Adyar - A Glimpse

The city of Chennai is today what urban spaces all around the world hope to be. It is a thriving centre for commercial activity and is the only metropolitan city in southern India, although Bengaluru and Hyderabad are not far behind. The city of Chennai can be dated back to 1639. Although not a part of the original Madras—which dates back to 1639--Adyar today has become a very important residential and commercial area of Chennai.But a look at the area’s colourful past reveals a lot about what it has come to represent now. At varied times it has been a fishing village, home of theology, a centre for the arts, education and social reforms.

Adyar is the area which lies toward the south of the river Adyar, which was once regarded as the southern boundary of the city. It was a fishing village where some paddy cultivation was also practiced. With their rich ecology, the Adyar estuary and creek grew into an abode of migratory birds.

The Marundeeswarar temple, belonging to the Chola period, was already a place of cultural significance. The temple is believed to have been built somewhere in the 7th century A.D. Tirugnanasambandar and Tirunavukkarasarthe Saivite saint poets are believed to have visited the temple and sung its praises, testifying its existence during their lifetime in the 8th century.

Everything changed in 1883, when Mrs.H.P.Blavatsky and Col.H.S.Olcott decided to relocate their religious organization in the area. The Theosophical Society, which was launched with much fanfare in New York in 1875, attracted a varied crowd to the area.

Madras at this time was still a conservative city and the Adyar area was considered a threat to the established order of the local society and its existing structure. In the year 1888 Mrs. Annie Besant came to Adyar to join the Theosophical society and with that a whole new chapter opened in the organisation’s history. With her entry into mainstream Indian politics the Theosophical society also gained repute throughout the country and attracted a sizable crowd of foreigners to the order.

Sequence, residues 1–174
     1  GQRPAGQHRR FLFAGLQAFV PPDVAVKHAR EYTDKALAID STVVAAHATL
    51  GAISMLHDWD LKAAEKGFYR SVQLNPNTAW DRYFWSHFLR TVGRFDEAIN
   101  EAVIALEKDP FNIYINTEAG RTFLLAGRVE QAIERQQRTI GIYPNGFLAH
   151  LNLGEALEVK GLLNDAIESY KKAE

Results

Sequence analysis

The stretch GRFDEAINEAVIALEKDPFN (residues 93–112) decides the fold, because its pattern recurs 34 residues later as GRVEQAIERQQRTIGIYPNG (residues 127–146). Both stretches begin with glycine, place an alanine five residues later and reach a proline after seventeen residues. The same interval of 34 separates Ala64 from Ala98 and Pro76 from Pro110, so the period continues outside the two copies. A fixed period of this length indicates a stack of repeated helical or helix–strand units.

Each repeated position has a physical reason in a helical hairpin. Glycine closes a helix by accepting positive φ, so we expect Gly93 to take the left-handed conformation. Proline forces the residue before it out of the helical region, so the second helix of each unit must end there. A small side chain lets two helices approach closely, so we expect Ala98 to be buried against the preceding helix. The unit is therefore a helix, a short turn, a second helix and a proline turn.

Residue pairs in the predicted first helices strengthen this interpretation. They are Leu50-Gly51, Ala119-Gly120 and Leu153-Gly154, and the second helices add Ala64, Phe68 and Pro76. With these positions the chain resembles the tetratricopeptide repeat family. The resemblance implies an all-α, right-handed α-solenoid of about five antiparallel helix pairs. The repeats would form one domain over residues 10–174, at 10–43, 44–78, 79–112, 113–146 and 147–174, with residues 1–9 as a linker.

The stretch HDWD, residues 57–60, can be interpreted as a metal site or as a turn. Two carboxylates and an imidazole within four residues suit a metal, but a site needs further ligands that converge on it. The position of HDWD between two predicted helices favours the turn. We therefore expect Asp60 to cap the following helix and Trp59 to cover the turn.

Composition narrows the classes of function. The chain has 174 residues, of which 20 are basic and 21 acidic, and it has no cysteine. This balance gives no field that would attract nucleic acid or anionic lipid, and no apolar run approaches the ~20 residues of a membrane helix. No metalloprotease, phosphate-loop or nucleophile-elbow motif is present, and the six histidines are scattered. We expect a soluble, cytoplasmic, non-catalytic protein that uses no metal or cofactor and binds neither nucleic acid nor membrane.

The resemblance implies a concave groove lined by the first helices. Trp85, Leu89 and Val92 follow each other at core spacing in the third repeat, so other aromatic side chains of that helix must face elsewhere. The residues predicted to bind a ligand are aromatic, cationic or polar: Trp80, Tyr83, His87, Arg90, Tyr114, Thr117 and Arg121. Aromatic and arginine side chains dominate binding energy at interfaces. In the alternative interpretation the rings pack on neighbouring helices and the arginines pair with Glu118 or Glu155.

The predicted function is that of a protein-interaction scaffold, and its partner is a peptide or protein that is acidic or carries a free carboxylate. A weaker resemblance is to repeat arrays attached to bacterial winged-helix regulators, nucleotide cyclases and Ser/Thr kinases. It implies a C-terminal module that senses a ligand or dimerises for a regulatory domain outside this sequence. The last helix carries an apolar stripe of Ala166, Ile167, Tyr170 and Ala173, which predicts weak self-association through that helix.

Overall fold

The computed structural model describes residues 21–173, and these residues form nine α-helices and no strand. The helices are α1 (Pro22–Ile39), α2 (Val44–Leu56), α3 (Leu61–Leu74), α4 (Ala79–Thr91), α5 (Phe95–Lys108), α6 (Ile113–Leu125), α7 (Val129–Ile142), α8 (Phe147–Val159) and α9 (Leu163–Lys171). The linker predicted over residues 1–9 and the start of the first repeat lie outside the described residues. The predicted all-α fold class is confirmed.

This influx of a mixed crowd had an impact on the lifestyle of the people who resided here. With vast spaces to be occupied the houses were large and the roads wide. The people who resided here also came to represent a laid back lifestyle which was in keeping with their image as tolerant and cultured people. At this time the interior of the Adyar area was still a gaming reserve and the beach at this time extended upto the Theosophical society. The first residential area, thus, was Gandhinagar due to its proximity to the Theosophical Society.

In 1878 the Elphinstone Bridge was built across the Adyar river and provided relief to the farmers during the famine of that time. Until the bridge was built the residents of the area had to rely on ferry service to get across the river and into Madras.

H.S.Olcott “discovered” Jiddu Krishnamurthi during a walk on the Elliot’s Beach in 1909. The boy was the son of a clerk of the Theosophical society. In 1911, the leadership of the Theosophical Society at Adyar established a new organization, the Order of the Star in the East (OSE), to prepare the world for the expected appearance of the World Teacher. Krishnamurti was named as its Head.

Adyar also became a hub for reformist activities as people influenced by theosophical thought and went on to change the society they inhabited. One such personality was Mrs. Muthulakshmi Reddi. Dr Reddy was actively involved with several orphanage homes and women’s welfare organisations, and initiated measures to improve the medical facilities given to slum dwellers. In 1930, she founded Avvai Home, a home for destitute women and orphans at Besant Avenue, Adyar.

Another important landmark of the area is situated on the Elliot’s Beach in Besant Nagar, the Schmidt memorial. The memorial commemorates the gallantry of Kaj Schimdt, a Dutch sailor, who drowned on December 30, 1930 while helping save other lives.

Rukmini Devi Arundale started Kalakshetra inside the Theosophical Society premises in 1936 to bring Bharatanatyam, a dance form practised by Devadasis, to the fore as a classical Indian dance form. She started the Besant Theosophical High School along with her husband George Arundale. In 1939 they invited Maria Montessori, an eminent educationist, to the school to introduce her method of education, and with that the Montessori system took root in India. In the following decades several initiatives followed: the Besant Arundale Senior Secondary School, The College of Fine Arts, The Besant Theosophical High School, The Maria Montessori School for Children, The Craft Education and Research Centre and within the Kalakshetra campus. The U.V.Swaminatha Iyer Library is located close to Kalakshetra.